Thursday, March 22, 2018

Q&A with Nancy Schoenberger

Nancy Schoenberger is the author of the new book Wayne and Ford: The Films, the Friendship, and the Forging of an American Hero. Her other books include Dangerous Muse: The Life of Lady Caroline Blackwood. She is a professor of English and director of creative writing at the College of William and Mary, and she lives in Williamsburg, Virginia, and New York City.

Q: Why did you decide to write about both John Wayne and John Ford in your new book?

A: As a fan of the Western since childhood, I wanted to write about its origin story, which brought me to Ford's early Westerns and his use of John Wayne as the quintessential Western hero. 

Q: In the book, you ask, “Why was the Western such a powerful mode of storytelling throughout the second half of the last century?” Why do you think that is, and what accounted for its decline?

A: The Western is a classic hero's journey, a compelling form of storytelling since Homer's Iliad and Odyssey, so there's that universal appeal. 

The Western also represented America's origin story -- often romanticized and almost always told from the point of view of white settlers who wrested the country from Native Americans, especially appealing to mainstream Americans of the last century.

That said, Westerns also offered a model of masculinity that both flattered men but also imparted a code of ethics and a paradigm of right action. 

In Ford's Westerns -- and it was carried through in the roughly three decades of TV Westerns --  it is the hero who usually combats racism, welcomes immigrants, treats women with respect, and defends women against ill treatment.

Because Westerns are morality tales, there's a clear line between right action and evil doing -- we know who the heroes are and who the villains are. I wonder what form of storytelling has replaced that for young boys today, as they struggle to become men.

I think as our culture began to explore and embrace stories about women, minorities, and anti-heroes, the Western fell out of fashion.

Q: How did you research the book, and did you find anything that especially surprised you?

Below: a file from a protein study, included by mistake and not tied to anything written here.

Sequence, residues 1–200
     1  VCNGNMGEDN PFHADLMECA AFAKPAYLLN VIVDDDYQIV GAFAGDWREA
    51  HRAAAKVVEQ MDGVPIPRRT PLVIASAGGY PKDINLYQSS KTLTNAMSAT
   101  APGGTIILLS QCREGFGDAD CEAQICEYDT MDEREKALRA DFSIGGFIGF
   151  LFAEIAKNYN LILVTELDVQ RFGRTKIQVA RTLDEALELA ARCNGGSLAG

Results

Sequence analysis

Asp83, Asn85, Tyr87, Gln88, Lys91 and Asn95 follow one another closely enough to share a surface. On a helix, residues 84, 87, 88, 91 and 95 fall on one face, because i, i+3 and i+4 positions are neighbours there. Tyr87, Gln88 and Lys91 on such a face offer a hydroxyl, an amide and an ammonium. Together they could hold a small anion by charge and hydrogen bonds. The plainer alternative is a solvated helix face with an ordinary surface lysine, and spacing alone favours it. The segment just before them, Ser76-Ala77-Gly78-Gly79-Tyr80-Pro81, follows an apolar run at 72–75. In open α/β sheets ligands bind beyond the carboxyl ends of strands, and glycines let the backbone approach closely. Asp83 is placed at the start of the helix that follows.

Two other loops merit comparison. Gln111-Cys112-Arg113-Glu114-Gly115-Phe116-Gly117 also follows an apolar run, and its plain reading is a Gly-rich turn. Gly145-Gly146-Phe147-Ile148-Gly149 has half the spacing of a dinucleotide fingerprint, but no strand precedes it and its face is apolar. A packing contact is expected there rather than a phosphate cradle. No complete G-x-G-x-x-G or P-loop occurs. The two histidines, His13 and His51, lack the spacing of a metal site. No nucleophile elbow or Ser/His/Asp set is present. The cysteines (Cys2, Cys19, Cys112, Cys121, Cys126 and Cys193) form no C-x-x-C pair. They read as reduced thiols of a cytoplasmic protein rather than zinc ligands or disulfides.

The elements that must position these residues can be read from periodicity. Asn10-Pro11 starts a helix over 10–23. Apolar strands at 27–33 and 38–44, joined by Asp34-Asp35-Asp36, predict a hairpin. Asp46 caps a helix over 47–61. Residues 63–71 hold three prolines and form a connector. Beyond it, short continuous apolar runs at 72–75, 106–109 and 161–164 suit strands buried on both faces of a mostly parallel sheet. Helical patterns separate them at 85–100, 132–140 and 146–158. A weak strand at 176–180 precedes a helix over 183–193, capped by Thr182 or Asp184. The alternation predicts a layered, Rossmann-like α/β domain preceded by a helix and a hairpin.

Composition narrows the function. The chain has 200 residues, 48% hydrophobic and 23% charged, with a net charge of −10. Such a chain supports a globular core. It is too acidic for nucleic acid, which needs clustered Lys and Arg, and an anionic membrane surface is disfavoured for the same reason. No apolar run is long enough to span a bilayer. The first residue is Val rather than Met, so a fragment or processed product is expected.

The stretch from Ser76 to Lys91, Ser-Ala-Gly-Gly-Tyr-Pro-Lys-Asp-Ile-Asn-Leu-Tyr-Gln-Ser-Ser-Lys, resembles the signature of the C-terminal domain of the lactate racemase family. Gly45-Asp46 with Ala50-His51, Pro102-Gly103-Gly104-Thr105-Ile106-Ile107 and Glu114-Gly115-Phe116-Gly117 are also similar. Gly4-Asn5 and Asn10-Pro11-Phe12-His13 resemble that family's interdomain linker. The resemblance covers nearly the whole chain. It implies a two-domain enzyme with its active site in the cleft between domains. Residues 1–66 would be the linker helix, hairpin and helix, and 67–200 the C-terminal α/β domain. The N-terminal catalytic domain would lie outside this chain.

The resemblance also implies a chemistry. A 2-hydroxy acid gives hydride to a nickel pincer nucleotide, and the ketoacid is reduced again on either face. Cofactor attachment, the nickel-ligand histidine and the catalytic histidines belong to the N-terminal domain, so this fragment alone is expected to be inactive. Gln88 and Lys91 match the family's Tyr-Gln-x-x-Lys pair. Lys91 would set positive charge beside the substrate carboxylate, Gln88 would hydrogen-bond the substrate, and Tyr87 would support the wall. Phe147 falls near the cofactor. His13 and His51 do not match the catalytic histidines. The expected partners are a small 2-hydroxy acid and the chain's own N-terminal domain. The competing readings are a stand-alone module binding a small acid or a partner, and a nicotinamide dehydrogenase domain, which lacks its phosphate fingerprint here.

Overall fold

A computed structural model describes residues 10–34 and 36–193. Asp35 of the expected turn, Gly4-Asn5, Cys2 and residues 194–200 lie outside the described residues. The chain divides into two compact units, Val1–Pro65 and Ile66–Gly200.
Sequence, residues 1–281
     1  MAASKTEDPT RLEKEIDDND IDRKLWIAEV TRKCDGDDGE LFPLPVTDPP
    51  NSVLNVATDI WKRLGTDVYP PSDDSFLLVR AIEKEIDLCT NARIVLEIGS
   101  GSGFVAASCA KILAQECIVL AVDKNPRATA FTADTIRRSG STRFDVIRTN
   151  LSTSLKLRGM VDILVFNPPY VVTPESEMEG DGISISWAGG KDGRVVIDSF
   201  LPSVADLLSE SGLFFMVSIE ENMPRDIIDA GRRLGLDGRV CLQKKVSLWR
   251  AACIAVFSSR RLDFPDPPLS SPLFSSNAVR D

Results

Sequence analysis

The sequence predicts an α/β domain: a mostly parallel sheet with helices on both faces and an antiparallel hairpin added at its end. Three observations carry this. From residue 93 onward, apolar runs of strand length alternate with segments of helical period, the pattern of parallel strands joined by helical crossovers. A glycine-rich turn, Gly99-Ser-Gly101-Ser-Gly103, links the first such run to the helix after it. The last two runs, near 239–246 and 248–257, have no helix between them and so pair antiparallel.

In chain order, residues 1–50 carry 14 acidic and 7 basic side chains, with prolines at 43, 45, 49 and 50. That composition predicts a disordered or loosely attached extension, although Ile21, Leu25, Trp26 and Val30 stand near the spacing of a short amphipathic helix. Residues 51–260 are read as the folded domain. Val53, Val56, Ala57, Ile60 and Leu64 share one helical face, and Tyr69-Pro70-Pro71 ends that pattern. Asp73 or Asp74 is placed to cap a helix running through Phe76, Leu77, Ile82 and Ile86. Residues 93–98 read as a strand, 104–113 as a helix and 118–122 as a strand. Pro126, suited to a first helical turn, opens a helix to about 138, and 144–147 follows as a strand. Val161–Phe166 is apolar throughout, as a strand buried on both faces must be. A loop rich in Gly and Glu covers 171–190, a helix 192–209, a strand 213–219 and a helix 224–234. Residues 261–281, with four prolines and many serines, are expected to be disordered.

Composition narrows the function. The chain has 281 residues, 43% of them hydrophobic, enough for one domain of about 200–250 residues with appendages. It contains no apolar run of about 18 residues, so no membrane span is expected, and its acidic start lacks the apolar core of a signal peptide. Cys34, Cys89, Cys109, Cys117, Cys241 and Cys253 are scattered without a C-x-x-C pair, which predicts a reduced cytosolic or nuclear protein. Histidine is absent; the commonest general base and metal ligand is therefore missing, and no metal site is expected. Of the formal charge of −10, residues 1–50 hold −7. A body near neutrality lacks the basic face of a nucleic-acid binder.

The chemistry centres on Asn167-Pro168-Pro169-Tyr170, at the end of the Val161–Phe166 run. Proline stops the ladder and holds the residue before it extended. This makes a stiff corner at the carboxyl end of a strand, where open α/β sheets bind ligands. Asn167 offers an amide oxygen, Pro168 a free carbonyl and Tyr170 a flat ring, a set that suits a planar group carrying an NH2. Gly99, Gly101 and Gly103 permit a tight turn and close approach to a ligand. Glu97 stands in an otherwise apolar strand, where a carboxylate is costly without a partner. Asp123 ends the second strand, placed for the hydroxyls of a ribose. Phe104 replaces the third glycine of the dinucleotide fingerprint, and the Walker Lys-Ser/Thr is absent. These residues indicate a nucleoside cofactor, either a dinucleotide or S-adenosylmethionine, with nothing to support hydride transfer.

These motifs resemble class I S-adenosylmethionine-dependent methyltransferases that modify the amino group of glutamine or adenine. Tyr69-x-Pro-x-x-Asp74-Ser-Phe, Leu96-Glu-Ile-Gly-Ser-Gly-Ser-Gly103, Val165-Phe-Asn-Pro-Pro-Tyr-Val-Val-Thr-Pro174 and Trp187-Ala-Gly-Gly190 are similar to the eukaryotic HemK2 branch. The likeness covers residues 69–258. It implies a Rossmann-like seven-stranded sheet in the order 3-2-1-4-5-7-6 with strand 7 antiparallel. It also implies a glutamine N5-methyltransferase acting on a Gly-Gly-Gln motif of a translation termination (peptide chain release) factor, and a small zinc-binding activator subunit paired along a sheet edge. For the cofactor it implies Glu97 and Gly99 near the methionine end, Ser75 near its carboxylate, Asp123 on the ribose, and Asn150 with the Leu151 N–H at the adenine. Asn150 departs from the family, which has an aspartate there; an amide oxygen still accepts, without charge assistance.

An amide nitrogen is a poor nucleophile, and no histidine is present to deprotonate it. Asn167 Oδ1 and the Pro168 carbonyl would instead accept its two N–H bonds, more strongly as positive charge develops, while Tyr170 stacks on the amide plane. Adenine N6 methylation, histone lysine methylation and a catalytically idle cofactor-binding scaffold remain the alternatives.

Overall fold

A: I began by visiting the late Maureen O'Hara in Glengarrif, Ireland, one of the few actors remaining who knew both Ford and Wayne and who had acted in several of John Ford's movies.

I was surprised by the depth of gratitude she expressed for Ford, despite the way he often cruelly treated her on film sets, as he did his other actors, including and especially John Wayne! (One actor who knew both men said, "John Ford was the only man who could make John Wayne cry.")

I did most of my research at The John Ford Collection at the Lily Library in Bloomington, Indiana -- a great archive set up and maintained by Ford's grandson, Dan Ford.

Q: How would you describe the legacy of both Ford and Wayne today?

A: I think that we are left with the cartoon version of John Wayne as the “my way or the highway” ultra-macho tough guy, expressed in many of his later films almost to the point of self-parody.

But if you go back and see him in the earlier Westerns he made with John Ford, you'll see a more nuanced character -- still the hero we came to admire, but more human. Even the vengeful racist, Ethan Edwards, that he plays in The Searchers has a powerful change of heart at the end of the movie.

Ford continues to be revered by contemporary filmmakers as a master storyteller. Martin Scorsese once said that "every filmmaker working today owes a debt to John Ford, whether he knows it or not." The opening and closing image of John Wayne framed in a homestead's doorway continues to be imitated in contemporary films, from Star Wars to Hostiles.

Q: What are you working on now?

A: I'm going back to poetry, my first love (I've published three books of poetry and got my MFA in poetry at Columbia University a million years ago). I'm working on turning a poem cycle of monologues based on the Ripper murders into a one-act play.

I do have a co-authored book coming out this September, but I don't want to get in the way of the official publicity so I will leave it at that!

Q: Anything else we should know?

A: In this long overdue #MeToo era, I think we need to look at how boys become men, and how they learn to do the right thing in a culture that often glamorizes violence and mistreatment of women. I think Westerns did that back in the day on a grand scale, but I don't see what's replaced it.

--Interview with Deborah Kalb

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